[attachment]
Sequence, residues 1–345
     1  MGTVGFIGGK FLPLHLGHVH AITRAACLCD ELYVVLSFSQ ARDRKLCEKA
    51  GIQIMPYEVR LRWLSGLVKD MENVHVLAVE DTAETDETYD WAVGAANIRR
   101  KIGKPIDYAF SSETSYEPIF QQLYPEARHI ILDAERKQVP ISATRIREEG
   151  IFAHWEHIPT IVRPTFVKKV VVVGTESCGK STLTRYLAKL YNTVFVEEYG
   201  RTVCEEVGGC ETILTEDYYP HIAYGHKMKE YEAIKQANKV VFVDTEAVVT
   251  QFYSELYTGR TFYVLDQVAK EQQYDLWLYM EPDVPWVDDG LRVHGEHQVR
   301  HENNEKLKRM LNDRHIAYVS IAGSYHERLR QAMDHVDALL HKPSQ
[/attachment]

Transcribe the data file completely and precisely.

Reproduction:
Sequence, residues 1–345
     1  MGTVGFIGGK FLPLHLGHVH AITRAACLCD ELYVVLSFSQ ARDRKLCEKA
    51  GIQIMPYEVR LRWLSGLVKD MENVHVLAVE DTAETDETYD WAVGAANIRR
   101  KIGKPIDYAF SSETSYEPIF QQLYPEARHI ILDAERKQVP ISATRIREEG
   151  IFAHWEHIPT IVRPTFVKKV VVVGTESCGK STLTRYLAKL YNTVFVEEYG
   201  RTVCEEVGGC ETILTEDYYP HIAYGHKMKE YEAIKQANKV VFVDTEAVVT
   251  QFYSELYTGR TFYVLDQVAK EQQYDLWLYM EPDVPWVDDG LRVHGEHQVR
   301  HENNEKLKRM LNDRHIAYVS IAGSYHERLR QAMDHVDALL HKPSQ